For James, we are able to tell the truth of our lives because we know and trust in a merciful and compassionate God who is ever-ready to heal and forgive. Our community with one another is established on the level ground before the cross of Jesus Christ.  That’s why there can be no boasting or judging, no partiality or diminishing of one another; that’s why James calls us to move towards—not away from—those who have wandered away to bring them back into the community. There is justice and mercy for all in the presence of the gracious, self-giving “Judge who is judged in our place.”[vi]

Our awareness of our equal standing as sinners who are also God’s precious children makes those who live in Christ able to trust and act in ways vastly different from our surrounding culture, able to stand with one another in suffering which is not unusual but to be expected, able to stand together against the distortions of abusive systems or relationships; and able to speak the truth of our need for God’s compassion and mercy, thereby finding healing and forgiveness.

In closing, I offer you another story from my year in Guatemala. It was the middle of the night, and this time, I was the sick one, suffering from the usual traveler’s ailments. My host parents, sleeping in an adjoining room, heard me get up to the latrine multiple times. Back in bed, nauseous in the dark, there was a knock at the door. “Come in,” I said, wanting to tell them to go away, but also not wanting to offend my hosts. Daniel and Toribia and Fredy, my host parents and brother, along with two visiting church youth leaders, came in and gathered around my bed. They offered to pray. I agreed, though I was completely mortified by how public my, uh, internal issues had become.

I don’t remember their specific words, but I remember feeling awed by the sincerity and passion of their prayer for me, that I would find healing in their community. And I don’t remember being immediately and miraculously cured —it took a trip to the doctor and some Cipro—but I do remember a strange sense of relief and peace, that I didn’t have to hide my illness, that I wasn’t alone in it, that even as a stranger in a strange land, I was part of a community of people who believed in a God of healing and forgiveness, people who knew how to talk to God with trust and conviction.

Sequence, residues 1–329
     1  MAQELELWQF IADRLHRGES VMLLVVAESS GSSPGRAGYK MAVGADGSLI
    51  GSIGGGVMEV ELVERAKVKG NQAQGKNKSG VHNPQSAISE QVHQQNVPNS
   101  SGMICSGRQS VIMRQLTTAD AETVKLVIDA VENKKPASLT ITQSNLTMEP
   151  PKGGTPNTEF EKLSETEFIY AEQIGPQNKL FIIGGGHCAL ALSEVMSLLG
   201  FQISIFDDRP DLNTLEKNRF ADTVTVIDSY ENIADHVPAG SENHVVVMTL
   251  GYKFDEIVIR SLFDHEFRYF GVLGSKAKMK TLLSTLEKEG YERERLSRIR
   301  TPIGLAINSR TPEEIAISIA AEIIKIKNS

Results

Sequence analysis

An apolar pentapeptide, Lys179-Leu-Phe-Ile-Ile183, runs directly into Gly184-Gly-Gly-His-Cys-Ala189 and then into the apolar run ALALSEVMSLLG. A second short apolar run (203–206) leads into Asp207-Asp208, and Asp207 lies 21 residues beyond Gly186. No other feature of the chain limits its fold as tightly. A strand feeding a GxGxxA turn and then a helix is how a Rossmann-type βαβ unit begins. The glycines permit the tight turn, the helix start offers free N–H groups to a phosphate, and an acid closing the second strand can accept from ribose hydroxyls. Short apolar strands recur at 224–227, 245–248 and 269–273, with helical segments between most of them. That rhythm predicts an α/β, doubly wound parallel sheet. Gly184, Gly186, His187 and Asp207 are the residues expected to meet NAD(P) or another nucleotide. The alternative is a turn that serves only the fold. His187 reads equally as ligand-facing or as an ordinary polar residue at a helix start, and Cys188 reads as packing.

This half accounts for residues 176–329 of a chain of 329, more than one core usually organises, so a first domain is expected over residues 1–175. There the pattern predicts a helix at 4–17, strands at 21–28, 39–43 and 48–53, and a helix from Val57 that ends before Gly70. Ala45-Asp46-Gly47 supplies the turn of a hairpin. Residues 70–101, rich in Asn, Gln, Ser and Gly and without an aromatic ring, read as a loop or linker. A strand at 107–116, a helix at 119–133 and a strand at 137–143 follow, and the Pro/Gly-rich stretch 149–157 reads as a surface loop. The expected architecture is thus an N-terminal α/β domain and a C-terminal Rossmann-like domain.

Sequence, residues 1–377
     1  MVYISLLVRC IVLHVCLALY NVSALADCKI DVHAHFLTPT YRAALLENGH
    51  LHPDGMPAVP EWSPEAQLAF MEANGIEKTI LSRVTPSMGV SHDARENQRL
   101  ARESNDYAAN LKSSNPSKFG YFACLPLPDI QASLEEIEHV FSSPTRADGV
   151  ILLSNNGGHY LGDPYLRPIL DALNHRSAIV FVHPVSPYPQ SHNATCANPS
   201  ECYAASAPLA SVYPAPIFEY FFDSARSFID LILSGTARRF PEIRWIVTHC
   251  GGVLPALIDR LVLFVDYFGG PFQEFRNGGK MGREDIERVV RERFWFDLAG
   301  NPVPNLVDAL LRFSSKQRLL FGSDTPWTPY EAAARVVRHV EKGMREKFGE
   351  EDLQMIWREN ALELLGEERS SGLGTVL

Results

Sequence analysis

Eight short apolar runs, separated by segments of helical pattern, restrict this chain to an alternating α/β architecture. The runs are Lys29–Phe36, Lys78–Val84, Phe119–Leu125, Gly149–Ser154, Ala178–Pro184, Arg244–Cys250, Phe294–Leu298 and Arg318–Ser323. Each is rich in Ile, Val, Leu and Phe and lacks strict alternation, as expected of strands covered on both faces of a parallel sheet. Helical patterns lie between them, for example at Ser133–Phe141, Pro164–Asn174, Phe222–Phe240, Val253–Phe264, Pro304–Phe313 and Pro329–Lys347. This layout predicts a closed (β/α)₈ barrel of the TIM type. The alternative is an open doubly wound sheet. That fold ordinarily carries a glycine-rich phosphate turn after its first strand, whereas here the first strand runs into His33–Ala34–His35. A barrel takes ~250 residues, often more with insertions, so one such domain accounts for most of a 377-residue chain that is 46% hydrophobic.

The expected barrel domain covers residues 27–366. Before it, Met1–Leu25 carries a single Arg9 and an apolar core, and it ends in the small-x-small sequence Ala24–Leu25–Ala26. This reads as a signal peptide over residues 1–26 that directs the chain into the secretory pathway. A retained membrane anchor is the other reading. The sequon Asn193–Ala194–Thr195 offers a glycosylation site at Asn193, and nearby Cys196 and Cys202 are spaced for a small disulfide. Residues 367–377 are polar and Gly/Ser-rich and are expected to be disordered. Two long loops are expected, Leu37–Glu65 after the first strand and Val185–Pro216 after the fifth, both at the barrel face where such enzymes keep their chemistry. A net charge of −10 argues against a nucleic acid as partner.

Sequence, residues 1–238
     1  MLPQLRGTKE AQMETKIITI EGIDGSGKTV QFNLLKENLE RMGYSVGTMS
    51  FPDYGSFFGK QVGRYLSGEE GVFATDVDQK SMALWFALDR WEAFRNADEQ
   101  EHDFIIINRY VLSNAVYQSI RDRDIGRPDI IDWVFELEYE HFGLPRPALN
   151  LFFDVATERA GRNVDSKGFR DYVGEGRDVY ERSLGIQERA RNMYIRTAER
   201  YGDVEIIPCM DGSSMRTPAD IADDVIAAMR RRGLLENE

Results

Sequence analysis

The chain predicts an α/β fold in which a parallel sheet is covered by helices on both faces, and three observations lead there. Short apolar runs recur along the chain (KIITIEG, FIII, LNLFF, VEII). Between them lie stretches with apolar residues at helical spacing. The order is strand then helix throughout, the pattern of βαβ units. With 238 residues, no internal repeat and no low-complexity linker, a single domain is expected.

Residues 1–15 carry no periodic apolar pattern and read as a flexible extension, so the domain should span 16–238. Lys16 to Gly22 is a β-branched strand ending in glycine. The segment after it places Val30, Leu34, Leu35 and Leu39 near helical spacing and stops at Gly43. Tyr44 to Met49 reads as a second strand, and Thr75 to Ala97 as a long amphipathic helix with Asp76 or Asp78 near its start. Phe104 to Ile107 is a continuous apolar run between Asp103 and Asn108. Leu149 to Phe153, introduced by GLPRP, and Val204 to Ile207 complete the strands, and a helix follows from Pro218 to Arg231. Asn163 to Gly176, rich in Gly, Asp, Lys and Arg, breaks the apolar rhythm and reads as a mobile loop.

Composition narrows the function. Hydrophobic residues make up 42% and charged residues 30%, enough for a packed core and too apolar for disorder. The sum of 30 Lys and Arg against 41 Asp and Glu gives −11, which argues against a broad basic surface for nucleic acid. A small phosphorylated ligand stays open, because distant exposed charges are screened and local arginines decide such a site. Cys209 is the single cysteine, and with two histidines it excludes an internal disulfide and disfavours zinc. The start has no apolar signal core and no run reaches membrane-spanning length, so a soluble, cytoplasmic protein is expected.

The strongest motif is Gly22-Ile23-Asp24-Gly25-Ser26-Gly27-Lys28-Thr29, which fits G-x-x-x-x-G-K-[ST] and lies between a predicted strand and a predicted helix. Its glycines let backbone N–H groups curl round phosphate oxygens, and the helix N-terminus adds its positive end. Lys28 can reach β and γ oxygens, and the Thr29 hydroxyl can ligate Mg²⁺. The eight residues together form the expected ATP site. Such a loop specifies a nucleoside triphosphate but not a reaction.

And here’s my testimony 15 years after that healing prayer: that moment, when, uncomfortable and humiliated, I agreed to receive the care of people I’d just met, people I’d previously understood to be “poor” Guatemalan farmers somehow in need of my volunteer service, that moment began a journey of healing in Christ continuing to this day, in which I have learned and am still learning to lean into my vulnerability and accept my limitations, to recognize God’s presence with me in suffering, and to trust God’s acceptance and forgiveness, revealed in and through the people Christ has called together, a journey of healing that has been teaching me the depth and breadth of God’s love for me and every creature of this earth.

So on this day after “Independence Day,” I invite you to embrace and lean into our mutual dependence on the God of grace and mercy; I invite you to risk vulnerability and tell the truth of your weakness and limitations, to let others in to stand with you in times of sickness or sinfulness. May you be found when you wander and be brought back, again and again, to the true community of love, Father, Son, and Holy Spirit, One in Three, Three in One. Amen.

[i] Mary Hinkle Shore,

[ii] Christopher Michael Jones,

[iii] Christopher Michael Jones, as above.

[iv] Mary Hinkle Shore,

[v] Kenneth Carter,

[vi] Barth, Karl. Church Dogmatics, Vol. IX: The Doctrine of Reconciliation. Edited byG. W. Bromiley and T. F. Torrance. Edinburgh T. & T.Clark, 1936–1977.